Bantry Inshore Search & Rescue Association were tasked to search for a missing person at 03:45 on Saturday 23 August. The Bantry Lifeboat was launched and a comprehensive parallel search of the inner harbour was conducted in conjunction with the Coast Guard Helicopter, Civil Defence and numerous local vessels. A shore search was undertaken by the Gardai, Local Fire Brigade and Goleen Cliff & Costal Rescue, and a Coast Guard Unit. Weather conditions were good initially but deteriorated to rain and low cloud later in the day. All present for the search operation were delighted to hear that later in the day the individual concerned was located in Tramore, Co. Waterford. Bantry Inshore Search & Rescue Association would like to take this opportunity to thank all those locally that assisted with the search operation especially the vessels that assisted in the sea search in such a professional manner.
Friday 25 July 2008
Lifeboat Called to Capsized Boat in Glengarriff Harbour
The Bantry Lifeboat was called out on Friday July 25 when a small boat capsized in the entrance to Glengarriff Harbour close to Carrigskye. The Lifeboat crew were paged at 20.15 by the Coast Guard and the “St. Brendan” was launched at 20.25 with three crew on board.
A casualty was rescued from the water at 20.38 and brought back to Bantry where an ambulance was waiting to transfer him to Bantry hospital for assessment. The capsized boat was safely recovered from the water by the crew of the Lifeboat crew, who then returned to the boathouse at the Railway Pier and stood down at 22.00 after preparing the “St. Brendan” for its next launch.
A spokesman for Bantry Inshore Search & Rescue Association praised the prompt and professional response of the crew who helped save another life in the waters around the West Cork coastline at this busy time of year and commented that: “Even at this time of year a person can suffer from life-threatening hypothermia in addition to the obvious risk of drowning, if appropriate help does not arrive quickly.”
If you see people in difficulty on the water you should dial 999 or 112 from a mobile phone and ask for the Coast Guard who will be able to initiate the fastest and most appropriate response to the situation.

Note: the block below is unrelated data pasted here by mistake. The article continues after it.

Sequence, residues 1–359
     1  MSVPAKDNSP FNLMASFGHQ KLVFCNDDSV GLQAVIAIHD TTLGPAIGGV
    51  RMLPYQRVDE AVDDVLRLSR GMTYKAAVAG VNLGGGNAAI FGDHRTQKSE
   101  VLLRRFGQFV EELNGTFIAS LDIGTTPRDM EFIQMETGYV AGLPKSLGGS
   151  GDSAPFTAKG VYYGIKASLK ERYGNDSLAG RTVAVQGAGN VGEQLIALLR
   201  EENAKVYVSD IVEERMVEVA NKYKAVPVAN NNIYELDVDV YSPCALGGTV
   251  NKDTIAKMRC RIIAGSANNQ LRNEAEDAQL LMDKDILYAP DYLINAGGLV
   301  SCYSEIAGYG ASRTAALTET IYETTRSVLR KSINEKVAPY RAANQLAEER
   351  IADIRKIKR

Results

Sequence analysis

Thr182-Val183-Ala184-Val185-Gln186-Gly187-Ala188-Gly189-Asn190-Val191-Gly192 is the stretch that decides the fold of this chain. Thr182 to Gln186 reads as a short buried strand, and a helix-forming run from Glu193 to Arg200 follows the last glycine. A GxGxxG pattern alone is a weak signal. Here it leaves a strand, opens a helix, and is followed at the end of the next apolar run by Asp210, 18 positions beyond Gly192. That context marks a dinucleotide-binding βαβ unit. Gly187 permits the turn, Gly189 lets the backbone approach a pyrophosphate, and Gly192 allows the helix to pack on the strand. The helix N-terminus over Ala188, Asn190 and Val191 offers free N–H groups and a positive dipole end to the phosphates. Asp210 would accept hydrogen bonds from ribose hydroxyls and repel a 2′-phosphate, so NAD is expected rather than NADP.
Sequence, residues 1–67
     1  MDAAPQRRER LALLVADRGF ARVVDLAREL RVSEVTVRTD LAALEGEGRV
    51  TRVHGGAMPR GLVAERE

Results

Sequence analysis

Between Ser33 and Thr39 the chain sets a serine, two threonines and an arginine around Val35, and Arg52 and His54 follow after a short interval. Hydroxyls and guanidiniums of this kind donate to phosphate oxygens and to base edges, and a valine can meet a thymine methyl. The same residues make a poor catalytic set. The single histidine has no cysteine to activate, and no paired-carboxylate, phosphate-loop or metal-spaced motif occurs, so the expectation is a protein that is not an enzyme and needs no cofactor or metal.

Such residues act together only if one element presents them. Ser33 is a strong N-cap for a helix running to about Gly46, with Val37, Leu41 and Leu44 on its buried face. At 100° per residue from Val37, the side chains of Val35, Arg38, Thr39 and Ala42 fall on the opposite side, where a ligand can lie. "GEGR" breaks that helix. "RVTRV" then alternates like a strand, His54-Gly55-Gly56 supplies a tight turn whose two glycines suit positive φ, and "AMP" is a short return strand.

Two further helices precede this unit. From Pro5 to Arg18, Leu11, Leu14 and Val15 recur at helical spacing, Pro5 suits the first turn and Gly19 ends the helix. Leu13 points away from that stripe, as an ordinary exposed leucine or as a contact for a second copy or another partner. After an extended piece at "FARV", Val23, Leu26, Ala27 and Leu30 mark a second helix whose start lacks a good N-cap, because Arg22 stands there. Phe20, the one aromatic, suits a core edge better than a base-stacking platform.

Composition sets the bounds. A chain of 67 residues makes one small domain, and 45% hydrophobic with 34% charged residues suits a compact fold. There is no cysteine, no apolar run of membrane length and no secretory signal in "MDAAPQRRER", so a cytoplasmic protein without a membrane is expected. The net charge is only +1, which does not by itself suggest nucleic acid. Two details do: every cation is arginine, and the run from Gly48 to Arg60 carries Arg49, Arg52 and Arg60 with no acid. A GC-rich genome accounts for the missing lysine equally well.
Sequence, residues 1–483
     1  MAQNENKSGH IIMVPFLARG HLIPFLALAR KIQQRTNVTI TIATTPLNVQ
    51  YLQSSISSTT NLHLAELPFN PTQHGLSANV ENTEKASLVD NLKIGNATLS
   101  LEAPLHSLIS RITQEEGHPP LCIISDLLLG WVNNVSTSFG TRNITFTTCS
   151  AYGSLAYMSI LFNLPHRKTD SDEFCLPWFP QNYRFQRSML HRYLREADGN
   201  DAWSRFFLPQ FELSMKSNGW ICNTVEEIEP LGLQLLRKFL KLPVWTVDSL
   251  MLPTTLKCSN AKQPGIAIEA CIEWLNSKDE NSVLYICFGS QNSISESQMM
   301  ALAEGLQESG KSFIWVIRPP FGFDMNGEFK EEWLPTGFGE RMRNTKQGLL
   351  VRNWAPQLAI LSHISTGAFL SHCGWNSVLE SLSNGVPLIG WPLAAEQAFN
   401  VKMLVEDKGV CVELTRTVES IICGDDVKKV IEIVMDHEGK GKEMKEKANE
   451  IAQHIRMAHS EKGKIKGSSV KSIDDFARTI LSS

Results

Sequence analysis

Tuesday 15 April 2008
Bantry Lifeboat was launched at 11:11 on Tuesday 15 April to assist in the search for a young girl who had been reported missing earlier in the morning. Nine members of the Bantry Lifeboat crew attended the call and the boat was launched with three crew on board. Conditions were good and an extensive search was made of the shoreline from West Beaches to Donemark. Other members of the crew teamed up to search the shoreline along Reenrour and Cobh. Following notification from the Garda Station that the missing person had been found safely on shore, the St. Brendan was recovered from the water and stowed ready for service again at 13:40.
Friday 14 December 2007
Lifeboat used to transfer Doctor to Whiddy Island
The Bantry Lifeboat was launched yesterday in response to an emergency on Whiddy Island. Responding to a request from the Irish Coastguard at 11.35 am on Thursday, the “St. Brendan” transferred a doctor to the island to attend a casualty who had been injured. The casualty was later transferred to Bantry Hospital.
“Facilitating this kind of response is an important part of the remit of BISRA, and the speed of the lifeboat’s response which resulted in a doctor arriving on Whiddy Island within 10 minutes of the request being received at the boathouse is a further demonstration of the dedication and professionalism of the Bantry lifeboat crews,” said a BISRA spokesman.
No further assistance being required, the “St. Brendan” stood down at approximately mid-day.